- Black Mass dir. by Scott Cooper
After appearing in several of Disney's Pirates of the Caribbean fantasies as well as the absurd Lone Ranger fiasco, Johnny Depp astutely realized he had to do some serious acting in order to resuscitate his reputation. Depp himself delivers the goods with Black Mass, directed by Scott Cooper. However, strong acting alone does not make a strong film.
This is not the first movie about Boston crime lord James "Whitey" Bulger, 87, who is serving a life sentence without parole. In 2006, Jack Nicholson played a character loosely based on Bulger in The Departed. Ben Affleck and Matt Damon also had a similar project in development, which they have since abandoned.
There are risks and responsibilities involved when writing a story about real people, using their real names—especially while they are still alive. As dastardly a criminal as Bulger probably was, Black Mass is still not a fair portrayal, nor does it give viewers credit for possessing any insight. The film is based on the 2000 book of the same title by Dick Lehr and Gerard K. O'Neill. What is the title Black Mass supposed to imply? Is it intended to suggest that Bulger's murders were in some way related to satanic rituals? Co-author Lehr told a Boston Globe reporter that the title is a metaphor for the FBI's corruption, with Bulger as the devil. It's a cheap shot, and the film follows suit. Black Mass would have been a deeper film had it not been so cut-and-dried. It works too hard to paint Bulger as demonic and, in this sense, it [End Page 125] is a throwback to the quaint Hollywood gangster movies of yesteryear.
The first noticeable flaw is Depp's makeup. There is too much of it. Not only does it look fake and create a distraction, but it's as if the filmmakers were trying to paint a caricature of evil. The oversized blue contact lenses serve to make him look demonic. They are overly obvious and visually manipulative; the only thing missing is fangs.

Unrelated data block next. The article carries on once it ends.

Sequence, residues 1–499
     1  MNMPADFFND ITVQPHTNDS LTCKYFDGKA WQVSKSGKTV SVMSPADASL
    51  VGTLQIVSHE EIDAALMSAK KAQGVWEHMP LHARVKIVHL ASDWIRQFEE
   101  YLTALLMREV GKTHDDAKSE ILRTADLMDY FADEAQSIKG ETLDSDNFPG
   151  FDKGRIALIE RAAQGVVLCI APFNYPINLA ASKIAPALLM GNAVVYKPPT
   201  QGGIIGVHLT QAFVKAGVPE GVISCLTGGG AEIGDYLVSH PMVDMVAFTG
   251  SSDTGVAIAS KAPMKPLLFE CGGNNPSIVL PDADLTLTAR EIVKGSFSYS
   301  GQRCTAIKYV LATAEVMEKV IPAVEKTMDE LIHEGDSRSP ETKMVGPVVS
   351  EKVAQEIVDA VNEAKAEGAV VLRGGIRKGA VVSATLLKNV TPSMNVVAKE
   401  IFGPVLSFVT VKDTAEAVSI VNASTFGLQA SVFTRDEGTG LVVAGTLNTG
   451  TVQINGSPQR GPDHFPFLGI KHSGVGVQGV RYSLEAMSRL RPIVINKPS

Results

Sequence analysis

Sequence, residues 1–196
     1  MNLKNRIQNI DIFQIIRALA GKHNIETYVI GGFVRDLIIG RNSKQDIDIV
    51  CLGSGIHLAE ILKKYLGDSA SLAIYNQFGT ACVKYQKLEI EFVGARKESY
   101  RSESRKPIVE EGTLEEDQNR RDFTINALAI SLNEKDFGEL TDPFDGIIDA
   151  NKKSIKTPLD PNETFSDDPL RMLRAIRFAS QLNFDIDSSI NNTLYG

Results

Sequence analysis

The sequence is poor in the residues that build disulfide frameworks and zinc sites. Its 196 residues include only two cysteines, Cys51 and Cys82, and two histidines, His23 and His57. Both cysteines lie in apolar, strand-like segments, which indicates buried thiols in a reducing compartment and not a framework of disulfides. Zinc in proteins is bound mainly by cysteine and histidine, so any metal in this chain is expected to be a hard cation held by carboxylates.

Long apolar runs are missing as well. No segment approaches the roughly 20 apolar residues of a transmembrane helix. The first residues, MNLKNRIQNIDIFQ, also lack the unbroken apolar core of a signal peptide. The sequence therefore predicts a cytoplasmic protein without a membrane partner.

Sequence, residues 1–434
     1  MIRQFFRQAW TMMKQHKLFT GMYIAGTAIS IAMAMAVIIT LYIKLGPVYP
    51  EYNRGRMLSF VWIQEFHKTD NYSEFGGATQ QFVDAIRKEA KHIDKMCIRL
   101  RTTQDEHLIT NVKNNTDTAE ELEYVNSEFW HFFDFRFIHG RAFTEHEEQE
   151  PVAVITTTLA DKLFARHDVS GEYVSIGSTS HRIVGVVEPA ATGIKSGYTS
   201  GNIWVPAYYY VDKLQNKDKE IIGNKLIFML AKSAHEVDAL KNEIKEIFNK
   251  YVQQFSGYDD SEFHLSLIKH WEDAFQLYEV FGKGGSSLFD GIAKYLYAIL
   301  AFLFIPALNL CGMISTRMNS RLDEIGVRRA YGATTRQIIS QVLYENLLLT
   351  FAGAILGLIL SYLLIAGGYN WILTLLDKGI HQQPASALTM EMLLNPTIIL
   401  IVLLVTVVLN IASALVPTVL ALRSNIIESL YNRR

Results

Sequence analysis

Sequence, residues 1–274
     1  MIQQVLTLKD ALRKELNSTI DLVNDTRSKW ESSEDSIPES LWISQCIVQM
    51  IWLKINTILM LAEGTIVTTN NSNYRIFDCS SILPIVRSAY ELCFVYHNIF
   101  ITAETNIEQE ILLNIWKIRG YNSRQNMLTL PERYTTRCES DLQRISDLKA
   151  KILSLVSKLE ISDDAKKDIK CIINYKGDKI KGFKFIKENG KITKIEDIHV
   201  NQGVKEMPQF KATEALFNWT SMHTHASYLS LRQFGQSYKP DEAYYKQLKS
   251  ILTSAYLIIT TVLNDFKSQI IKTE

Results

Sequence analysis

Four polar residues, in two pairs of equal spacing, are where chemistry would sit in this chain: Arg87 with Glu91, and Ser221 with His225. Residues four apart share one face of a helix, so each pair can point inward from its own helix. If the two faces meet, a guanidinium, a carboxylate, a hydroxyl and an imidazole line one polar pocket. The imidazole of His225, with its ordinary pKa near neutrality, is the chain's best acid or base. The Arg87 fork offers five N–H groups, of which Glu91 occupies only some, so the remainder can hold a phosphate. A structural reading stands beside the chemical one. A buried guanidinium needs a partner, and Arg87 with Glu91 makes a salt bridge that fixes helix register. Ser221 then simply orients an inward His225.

The acting is strong throughout, especially by Depp, but the script has major flaws. Black Mass contains scenes that do not work, even in context of the film's own internal logic. A script should not raise questions only to annoy viewers by eliding these very questions. For example, what happened to Bulger's girlfriend, Lindsey Cyr, after her son with Bulger died? Newspaper interviews with the real-life Cyr indicate that she and Bulger remained on amicable terms for decades. But in Black Mass, she simply vanishes from the story, as does F.B.I agent John Connolly's wife, Marianne (Julianne Nicholson).
The scene in which Bulger menaces Marianne while she hides away in her bedroom to avoid her husband's new friends is problematic, to say the least. It seems likely that it was invented in order to utterly demonize Bulger, and it goes over the top. Although it is never possible to make a film accurate in every detail, and sometimes scenarios must be invented to serve the story, this scene does not work. All three figures involved suddenly, inexplicably reverse their characterizations. Connolly (Joel Edgerton) is usually depicted as a defiant, indomitable character who, for example, is willing to get into a fistfight with his boss (played by Kevin Bacon) for the sake of honor. It is unlikely he would allow anyone, even Bulger, to go upstairs in order to intimidate or molest his wife. As he repeatedly avers, Connolly lives by a code. Hence he would have been impelled to do his duty as a husband to protect her; otherwise he would have disgraced himself, in his own eyes. The film hardly bothers to address the consequences of Connolly's inaction, and his wife thereupon simply evaporates. This is far out of character for Marianne, who is previously depicted as a feisty type who would hardly have tolerated such abuse. Rather than resisting or at least screaming for...